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slackey

NullPointerException in java

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For Comp Sci class I am creating a prison simulation since we are learning about searches and sorts. I have 3 classes in this project, a Prisoner class, a Prison class, and a driver class with a main method to run the prison. The Prisoner class defines a prisoner, and the Prison class is essentially an ArrayList of prisoners with methods to add, remove, sort, and search through the prisoners. My problem is I keep getting a NullPointerException when I try to add a Prisoner object to the ArrayList in the Prison class. In my Prison class I have the following method:
public boolean addPrisoner(Prisoner p)
{
	if(population < capacity)  //checks to make sure there is room in the prison
	{
		prisoners.add(p);  //prisoners is the ArrayList containing all prisoners
		population++;      //population is increased when prisoner is added
		return true;
	}
	else
		return false;
}
In the driver program I create a new Prison object, then create a Prisoner object. When I call the addPrisoner method to add the Prisoner to the Prison, I get a NullPointerException and I am not sure why. I'd like to figure out why I am getting this exception so that then I can fix it.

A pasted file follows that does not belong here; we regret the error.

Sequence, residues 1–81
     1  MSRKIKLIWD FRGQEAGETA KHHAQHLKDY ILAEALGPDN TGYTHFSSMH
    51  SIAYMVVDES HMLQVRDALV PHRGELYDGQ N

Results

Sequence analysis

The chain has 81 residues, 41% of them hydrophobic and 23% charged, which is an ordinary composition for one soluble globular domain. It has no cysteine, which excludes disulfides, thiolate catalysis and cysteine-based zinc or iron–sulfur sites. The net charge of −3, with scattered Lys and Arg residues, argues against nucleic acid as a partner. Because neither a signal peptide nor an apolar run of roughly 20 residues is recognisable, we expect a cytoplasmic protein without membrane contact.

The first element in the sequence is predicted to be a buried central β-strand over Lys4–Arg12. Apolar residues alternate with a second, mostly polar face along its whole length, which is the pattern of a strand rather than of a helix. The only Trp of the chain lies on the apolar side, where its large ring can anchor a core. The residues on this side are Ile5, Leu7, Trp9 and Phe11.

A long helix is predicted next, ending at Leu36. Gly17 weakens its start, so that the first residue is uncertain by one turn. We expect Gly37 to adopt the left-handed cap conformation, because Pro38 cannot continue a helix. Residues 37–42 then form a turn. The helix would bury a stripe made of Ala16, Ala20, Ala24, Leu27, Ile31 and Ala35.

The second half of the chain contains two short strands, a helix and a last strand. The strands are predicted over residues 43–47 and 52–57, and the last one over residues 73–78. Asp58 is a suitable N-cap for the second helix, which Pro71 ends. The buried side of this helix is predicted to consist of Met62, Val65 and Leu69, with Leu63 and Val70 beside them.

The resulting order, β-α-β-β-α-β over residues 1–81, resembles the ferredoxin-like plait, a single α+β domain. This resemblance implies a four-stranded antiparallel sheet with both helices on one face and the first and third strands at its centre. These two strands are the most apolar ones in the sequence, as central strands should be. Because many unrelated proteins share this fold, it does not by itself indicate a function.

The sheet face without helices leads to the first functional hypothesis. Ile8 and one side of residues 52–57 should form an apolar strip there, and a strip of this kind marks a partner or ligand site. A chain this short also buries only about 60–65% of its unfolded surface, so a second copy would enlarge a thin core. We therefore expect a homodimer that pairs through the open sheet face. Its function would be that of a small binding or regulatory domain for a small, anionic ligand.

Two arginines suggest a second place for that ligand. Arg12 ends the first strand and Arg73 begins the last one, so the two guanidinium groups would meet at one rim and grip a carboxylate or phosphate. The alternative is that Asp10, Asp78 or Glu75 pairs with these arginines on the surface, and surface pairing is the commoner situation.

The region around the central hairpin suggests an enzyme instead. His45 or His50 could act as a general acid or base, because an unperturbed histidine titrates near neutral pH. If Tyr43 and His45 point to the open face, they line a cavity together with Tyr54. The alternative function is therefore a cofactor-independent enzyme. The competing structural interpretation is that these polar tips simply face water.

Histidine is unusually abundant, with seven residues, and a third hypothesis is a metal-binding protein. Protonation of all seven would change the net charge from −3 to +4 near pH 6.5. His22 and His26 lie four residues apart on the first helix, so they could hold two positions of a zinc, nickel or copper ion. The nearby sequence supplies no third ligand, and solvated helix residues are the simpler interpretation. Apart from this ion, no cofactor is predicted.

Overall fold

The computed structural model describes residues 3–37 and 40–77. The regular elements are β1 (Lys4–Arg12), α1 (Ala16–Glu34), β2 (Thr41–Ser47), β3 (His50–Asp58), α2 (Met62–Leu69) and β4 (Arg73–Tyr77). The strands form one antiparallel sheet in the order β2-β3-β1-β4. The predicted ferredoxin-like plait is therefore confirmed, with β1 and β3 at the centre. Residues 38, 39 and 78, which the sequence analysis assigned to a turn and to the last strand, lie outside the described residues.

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Try adding some logging statements (System.Out.Println()) to check that prisoners isn't null. Either it or p is null. You have actually allocated prisoners with new, haven't you?

And does ArrayList not have a size() or count() member (It's been ages since I used Java)? That'd mean you can get rid of population.

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How hard is this?


public class Prison
{
private ArrayList prisoners = new ArrayList();
private int capacity = 0;

public Prison(int c)
{
capacity = c;
}

public boolean addPrisoner(Prisoner p)
{
if(prisoners.size() < capacity) //checks to make sure there is room in the prison
{
prisoners.add(p); //prisoners is the ArrayList containing all prisoners
return true;
}
else
return false;
}
}



Toolmaker

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In Java, variables of object type are effectively pointers, and they get default-initialized to null whenever they actually are default-initialized. Therefore if you declare a class member ArrayList like this:


private ArrayList prisoners;


Then it is equivalent to


private ArrayList prisoners = null;


and not to Toolmaker's version.

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